Hopefully this post helps demystify some of the VPN process, and will help you use it if you need it.  Again, remember that for much of your work-at-home work you won’t need a VPN at all.  And as always the BCTC Helpdesk can answer questions, and can work with you on a remote support session to help configure your home computer for VPN and Remote Desktop, as well as help you find your office computer name to connect.


Posted in Uncategorized | Comments Off on FAQ about VPN access to resources

Resources for Maintaining Business Continuity during a Potential COVID-19 Campus Closing: Resources for Administrative Offices

(This post will be updated with more information as it becomes available.)

The College’s critical business functions are managed by systems that staff can access remotely.  With some advance preparation staff will be able to perform their necessary work from offsite when authorized.  This guide is intended to remind staff of the resources that are available to support their work and communication.

Remote Access to Systems – The “Quick Links” drop-down menu on the College’s home page provides up-to-date links to access all our major systems, such as CUNYfirst, Email, HRAssist, PRAssist, ePAF, etc. Using “Quick Links” ensures that the address of a site is the most current.

Email – Baruch College email is the primary means of communication among faculty, staff, and students and will continue to be in case staff must relocate from their usual work areas.

Document Storage – All staff have access to both a CUNY Dropbox and Microsoft Office 365 OneDrive account. These resources are accessed via your CUNY Login. The Dropbox account has no storage limit.  Staff may store documents that do not contain sensitive or confidential information in either of these spaces. Please consult the CUNY policy on Acceptable Use of University Data in the Cloud for definitions and details.   Staff who need to access confidential or sensitive information from a shared drive on the College’s network or from their office desktop computer will need to use VPN to access it (see next item).

Remote access to office desktop computers  There are some cases where a staff member may need remote access to their office desktop computer.  The College’s VPN service must be used in those cases.  No other method of remote access is permitted. Other examples of a need for remote desktop access are:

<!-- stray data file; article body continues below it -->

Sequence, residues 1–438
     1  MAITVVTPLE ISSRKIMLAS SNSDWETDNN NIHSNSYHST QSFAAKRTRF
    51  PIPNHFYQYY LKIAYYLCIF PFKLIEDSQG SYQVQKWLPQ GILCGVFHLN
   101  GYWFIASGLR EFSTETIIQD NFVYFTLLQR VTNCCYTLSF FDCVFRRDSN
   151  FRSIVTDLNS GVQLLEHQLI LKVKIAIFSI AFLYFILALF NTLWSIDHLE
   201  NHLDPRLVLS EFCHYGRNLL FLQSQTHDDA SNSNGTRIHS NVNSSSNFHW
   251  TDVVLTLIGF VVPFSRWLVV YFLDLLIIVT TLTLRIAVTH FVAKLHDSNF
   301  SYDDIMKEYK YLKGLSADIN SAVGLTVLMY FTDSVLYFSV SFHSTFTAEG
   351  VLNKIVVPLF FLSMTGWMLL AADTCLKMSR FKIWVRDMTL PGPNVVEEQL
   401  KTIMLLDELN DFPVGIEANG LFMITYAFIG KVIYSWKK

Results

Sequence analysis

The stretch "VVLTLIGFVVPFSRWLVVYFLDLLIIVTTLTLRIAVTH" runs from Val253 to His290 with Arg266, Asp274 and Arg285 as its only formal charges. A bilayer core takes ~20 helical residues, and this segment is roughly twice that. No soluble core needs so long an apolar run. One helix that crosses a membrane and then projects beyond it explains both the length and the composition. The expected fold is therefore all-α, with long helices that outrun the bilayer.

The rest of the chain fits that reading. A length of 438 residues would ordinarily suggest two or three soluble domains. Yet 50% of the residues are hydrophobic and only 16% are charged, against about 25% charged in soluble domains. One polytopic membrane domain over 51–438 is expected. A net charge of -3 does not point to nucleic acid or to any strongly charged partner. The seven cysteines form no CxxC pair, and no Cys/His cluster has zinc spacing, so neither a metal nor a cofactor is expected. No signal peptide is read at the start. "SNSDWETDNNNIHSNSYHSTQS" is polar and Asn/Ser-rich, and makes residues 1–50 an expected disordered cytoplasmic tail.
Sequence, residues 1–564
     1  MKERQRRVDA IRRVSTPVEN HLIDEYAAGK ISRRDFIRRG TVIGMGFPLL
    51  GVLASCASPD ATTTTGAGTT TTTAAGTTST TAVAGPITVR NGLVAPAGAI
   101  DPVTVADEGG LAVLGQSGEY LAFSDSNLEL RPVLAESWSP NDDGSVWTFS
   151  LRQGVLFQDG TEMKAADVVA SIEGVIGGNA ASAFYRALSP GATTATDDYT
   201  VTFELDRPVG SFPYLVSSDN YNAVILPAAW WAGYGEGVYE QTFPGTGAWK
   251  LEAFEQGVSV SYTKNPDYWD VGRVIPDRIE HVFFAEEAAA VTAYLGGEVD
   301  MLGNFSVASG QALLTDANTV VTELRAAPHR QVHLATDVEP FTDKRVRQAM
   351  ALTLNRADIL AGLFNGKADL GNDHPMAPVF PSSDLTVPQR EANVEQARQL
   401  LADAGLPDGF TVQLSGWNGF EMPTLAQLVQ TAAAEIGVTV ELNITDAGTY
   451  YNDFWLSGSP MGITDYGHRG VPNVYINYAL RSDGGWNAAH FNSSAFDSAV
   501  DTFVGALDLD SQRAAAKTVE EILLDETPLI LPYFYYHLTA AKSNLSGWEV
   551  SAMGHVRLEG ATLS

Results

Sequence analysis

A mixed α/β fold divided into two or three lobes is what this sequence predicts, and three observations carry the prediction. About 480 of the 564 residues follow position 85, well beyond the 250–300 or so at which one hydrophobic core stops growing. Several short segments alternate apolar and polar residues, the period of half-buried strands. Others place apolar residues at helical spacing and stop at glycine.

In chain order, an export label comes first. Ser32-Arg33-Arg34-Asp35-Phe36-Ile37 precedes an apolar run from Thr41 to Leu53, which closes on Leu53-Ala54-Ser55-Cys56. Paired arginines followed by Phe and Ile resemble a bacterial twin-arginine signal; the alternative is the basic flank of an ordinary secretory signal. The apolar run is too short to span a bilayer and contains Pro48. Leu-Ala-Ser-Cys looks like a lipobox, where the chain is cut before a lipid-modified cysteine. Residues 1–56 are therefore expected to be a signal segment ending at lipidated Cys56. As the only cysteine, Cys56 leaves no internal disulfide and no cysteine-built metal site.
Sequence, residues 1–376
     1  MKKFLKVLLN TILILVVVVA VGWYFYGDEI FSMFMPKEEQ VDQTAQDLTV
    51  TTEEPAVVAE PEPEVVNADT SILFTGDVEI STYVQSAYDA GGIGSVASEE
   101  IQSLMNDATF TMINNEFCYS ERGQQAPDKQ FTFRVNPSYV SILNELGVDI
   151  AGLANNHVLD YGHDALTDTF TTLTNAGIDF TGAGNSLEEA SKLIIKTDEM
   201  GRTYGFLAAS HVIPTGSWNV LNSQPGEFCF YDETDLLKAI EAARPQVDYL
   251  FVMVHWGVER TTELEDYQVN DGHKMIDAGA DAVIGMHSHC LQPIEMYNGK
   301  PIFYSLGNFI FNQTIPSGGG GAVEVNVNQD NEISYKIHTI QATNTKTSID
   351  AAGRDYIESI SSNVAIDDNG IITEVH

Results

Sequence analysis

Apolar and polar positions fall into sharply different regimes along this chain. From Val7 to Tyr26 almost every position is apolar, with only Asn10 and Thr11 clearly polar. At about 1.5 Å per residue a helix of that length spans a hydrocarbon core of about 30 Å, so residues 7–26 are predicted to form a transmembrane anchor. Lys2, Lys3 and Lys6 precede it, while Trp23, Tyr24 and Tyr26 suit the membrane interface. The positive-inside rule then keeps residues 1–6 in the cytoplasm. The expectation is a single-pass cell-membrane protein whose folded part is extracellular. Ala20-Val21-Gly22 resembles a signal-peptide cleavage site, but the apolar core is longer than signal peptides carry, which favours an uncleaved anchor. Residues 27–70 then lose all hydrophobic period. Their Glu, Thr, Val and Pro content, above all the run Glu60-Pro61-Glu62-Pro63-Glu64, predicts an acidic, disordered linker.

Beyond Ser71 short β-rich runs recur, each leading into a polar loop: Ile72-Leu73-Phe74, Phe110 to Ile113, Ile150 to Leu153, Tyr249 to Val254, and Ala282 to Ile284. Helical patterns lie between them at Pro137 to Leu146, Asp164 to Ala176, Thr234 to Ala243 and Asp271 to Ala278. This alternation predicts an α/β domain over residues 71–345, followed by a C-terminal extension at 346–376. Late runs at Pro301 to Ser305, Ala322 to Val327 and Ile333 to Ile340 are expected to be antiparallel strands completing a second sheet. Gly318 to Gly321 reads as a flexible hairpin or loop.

• A staff member who needs access to special software that is installed only on the office computer.
  • A staff member who needs to work with confidential information, such as employee or student data, that cannot be stored on Office 365 or Dropbox.
  • Data downloaded from CUNYfirst Reporting, as the reporting instances are currently only available from within the CUNY network.
  • A web content manager who needs to use Contribute to update a department’s web site that has not yet been migrated to WordPress.

Every full-time and part-time employee of the College has access to the College’s VPN service. The user must download the VPN client to the off-campus computer by following the instructions on the web site: VPN is not necessary for staff who only need to access CUNY/Baruch systems (email, CUNYfirst non-reporting, etc.) or want to access/share materials and other non-private information. Note:  Users who need access to data defined as “Confidential” by the CUNY Acceptable Use of University Data in the Cloud policy need to take extra precautions when accessing data via the VPN.  This can include only using data on the office computer via Remote Desktop, and/or encrypting the computer from which the VPN is being accessed.  In either case users must acknowledge their need to access sensitive data and consult with BCTC on the best way for the user to ensure they are taking precautions to keep such data secure.

To get VPN access, open a ticket with the Helpdesk who will then consult on your need and provide instructions to ensure your office desktop is available via Remote Desktop and that you can install the VPN client software on the computer you will be using while off-campus

Teleconferencing – Each division and school has at least one account of the College’s teleconferencing service.  Vice Presidents and School Deans have dedicated account on the College’s teleconferencing service.  Each division and school will decide how to use the account to maintain their internal communication.